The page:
Every Trip Begins A New Unknown Adventure

2015-01-14 20:21:15.000 – Jules Rainka, Summit Volunteer


Last year we were provided with January hiking that just could not be beat, enchanted beautiful dark blue skies, winds that kept the snow blowing and, as a photographer it was paradise with endless grand sunrises and sunsets with layers of clouds in the valleys, and many magical opportunities for photographs in the “Golden Hour”. We also had what we thought was severe weather and the shock of a rescue of lost hikers on the worst night of the trip.
This year was the opposite but no less intriguing, not a lot of photography but I learned what extreme weather really was like; just going outside was difficult and dangerous. I of course had to experience it, even if just briefly, as it was near record conditions for that day. I went out in -32F Temperature with wind gusts over 80 mph. I walked just 100 feet out onto the deck and it was exhilarating but when I turned around to head back to the door and the full force of 80+ mph winds and -77F wind chill hit me, I have to admit it put a little bit of fear in my heart, but, I also have to admit I loved the experience of having to put my shoulder into the wind to return. No chance for pictures here, frostbite can happen in just a couple minutes!
Back inside warm and comfortable I was happy to start doing what I am mainly here to do, cooking. It was a busy week with three large groups. Luckily I enjoy cooking and had a great partner as this week. We served well over 125 sit down meals. That is a challenge as we also try to provide a variety of goodies and try to create interesting varied meals for the crew. It is a job I happily do for the rewards it provides in both outdoor adventures and the new people you meet. We get an amazing diversity of people here and it is a joy to learn the stories & history of them.
Today on the sixth day we finally got above 0 degrees. It came with snow, white out conditions, wind speeds averaging in the mid sixties but, comparatively speaking, it felt comfortable out! Tomorrow, the last whole day on the mountain looks promising with sunshine.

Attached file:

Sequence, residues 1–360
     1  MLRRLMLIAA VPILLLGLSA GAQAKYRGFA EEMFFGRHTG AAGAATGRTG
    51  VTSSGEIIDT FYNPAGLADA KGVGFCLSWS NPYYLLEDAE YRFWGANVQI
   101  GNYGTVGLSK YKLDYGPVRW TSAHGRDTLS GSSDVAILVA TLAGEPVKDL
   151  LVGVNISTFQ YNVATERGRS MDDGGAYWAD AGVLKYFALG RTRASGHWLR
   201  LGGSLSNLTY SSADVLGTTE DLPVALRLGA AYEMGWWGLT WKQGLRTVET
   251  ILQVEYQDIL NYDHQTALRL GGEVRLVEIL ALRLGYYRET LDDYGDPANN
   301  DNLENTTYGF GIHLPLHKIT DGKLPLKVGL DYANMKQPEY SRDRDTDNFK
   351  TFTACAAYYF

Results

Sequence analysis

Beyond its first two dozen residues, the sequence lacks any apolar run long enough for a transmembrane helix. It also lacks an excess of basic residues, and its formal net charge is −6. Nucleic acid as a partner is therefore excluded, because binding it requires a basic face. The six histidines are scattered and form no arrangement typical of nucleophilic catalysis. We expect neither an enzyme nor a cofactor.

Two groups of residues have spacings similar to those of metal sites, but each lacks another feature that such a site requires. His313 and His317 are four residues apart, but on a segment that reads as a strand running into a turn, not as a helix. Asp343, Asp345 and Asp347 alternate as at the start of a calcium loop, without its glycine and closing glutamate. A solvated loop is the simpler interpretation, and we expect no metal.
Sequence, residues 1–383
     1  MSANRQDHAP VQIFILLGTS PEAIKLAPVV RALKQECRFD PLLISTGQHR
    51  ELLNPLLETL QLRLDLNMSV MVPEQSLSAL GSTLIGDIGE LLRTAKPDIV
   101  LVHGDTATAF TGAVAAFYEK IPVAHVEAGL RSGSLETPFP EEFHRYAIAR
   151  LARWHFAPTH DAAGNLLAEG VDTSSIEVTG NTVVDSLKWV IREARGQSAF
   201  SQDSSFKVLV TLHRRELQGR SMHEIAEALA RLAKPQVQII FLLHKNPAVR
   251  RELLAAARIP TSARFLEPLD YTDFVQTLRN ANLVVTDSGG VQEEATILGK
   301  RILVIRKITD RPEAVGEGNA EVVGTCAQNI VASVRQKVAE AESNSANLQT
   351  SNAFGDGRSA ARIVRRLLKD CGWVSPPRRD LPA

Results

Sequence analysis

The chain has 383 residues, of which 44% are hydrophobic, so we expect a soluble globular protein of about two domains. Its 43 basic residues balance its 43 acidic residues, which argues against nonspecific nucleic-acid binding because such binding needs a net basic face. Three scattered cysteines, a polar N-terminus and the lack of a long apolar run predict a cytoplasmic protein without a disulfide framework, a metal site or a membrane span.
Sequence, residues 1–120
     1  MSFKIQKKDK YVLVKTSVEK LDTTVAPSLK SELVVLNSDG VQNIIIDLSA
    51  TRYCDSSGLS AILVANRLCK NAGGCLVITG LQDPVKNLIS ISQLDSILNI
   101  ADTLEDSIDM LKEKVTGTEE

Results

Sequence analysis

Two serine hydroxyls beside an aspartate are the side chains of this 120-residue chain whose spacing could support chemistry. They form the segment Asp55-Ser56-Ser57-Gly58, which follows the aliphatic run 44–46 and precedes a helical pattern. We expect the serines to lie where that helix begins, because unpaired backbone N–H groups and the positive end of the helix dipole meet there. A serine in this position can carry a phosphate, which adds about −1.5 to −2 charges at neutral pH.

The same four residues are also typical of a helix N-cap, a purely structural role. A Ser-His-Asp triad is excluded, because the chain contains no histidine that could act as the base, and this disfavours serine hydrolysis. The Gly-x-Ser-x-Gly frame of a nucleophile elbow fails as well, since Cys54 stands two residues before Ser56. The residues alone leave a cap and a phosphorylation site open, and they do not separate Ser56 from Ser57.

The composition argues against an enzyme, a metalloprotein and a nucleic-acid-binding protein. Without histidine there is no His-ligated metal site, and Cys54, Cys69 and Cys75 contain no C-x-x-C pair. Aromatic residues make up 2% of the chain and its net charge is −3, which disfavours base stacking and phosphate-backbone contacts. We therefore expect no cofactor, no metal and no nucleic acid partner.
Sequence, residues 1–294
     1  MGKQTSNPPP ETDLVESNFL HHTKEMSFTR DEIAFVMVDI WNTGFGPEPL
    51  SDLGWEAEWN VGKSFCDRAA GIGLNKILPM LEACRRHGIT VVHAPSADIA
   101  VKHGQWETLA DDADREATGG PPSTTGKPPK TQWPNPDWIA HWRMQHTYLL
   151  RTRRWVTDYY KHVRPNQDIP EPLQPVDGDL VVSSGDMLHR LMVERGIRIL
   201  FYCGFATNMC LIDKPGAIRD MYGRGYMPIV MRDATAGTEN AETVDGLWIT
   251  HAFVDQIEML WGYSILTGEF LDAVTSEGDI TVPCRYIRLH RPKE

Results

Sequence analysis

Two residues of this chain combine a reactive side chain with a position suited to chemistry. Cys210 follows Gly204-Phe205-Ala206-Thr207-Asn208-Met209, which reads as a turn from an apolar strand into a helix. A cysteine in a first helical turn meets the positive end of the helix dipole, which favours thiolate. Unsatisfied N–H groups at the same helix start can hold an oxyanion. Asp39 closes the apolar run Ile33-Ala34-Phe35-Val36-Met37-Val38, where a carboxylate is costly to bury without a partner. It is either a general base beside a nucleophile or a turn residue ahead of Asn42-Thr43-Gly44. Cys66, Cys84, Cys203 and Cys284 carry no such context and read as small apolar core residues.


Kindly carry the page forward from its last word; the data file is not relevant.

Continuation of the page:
As always, I have to thank everyone, starting with my co-conspirator Charlie who substituted in at the last minute and was wonderful to work with and affectionately called the “old goat of the mountain”, this being his 13th time up! Also of course the observers and interns, everyone at the base, the cat drivers for providing our lift and the guests and their leaders that are always interesting, varied and with similar joys and affection for the great out doors and the mountain. All together they provide us volunteers with the privilege of enjoying the extremes, the beauty, and the adventures of life at the top of Mount Washington.
This now being the last day I awoke to a clear and beautiful morning, life is good!
Rime ice lit up by the sun Rime ice, glowing in the sunlight and coating the observation deck railing


Jules Rainka, Summit Volunteer

Overview of Lapse Rate Research

May 20th, 2024|0 Comments

Overview of Lapse Rate Research By Karl Philippoff As a weather observer and research specialist on top of Mount Washington, in addition to my usual observer duties such as taking hourly observations, releasing forecasts,

Deadline Driven: The 12-Hour Shifts that Power Weather Forecasting from the Northeast’s Highest Peak

May 9th, 2024|Comments Off on Deadline Driven: The 12-Hour Shifts that Power Weather Forecasting from the Northeast’s Highest Peak

Deadline Driven: The 12-Hour Shifts that Power Weather Forecasting from the Northeast's Highest Peak By Wendy Almeida  As a new member of the Mount Washington Observatory team, I wanted to gain a deeper understanding

Find Older Posts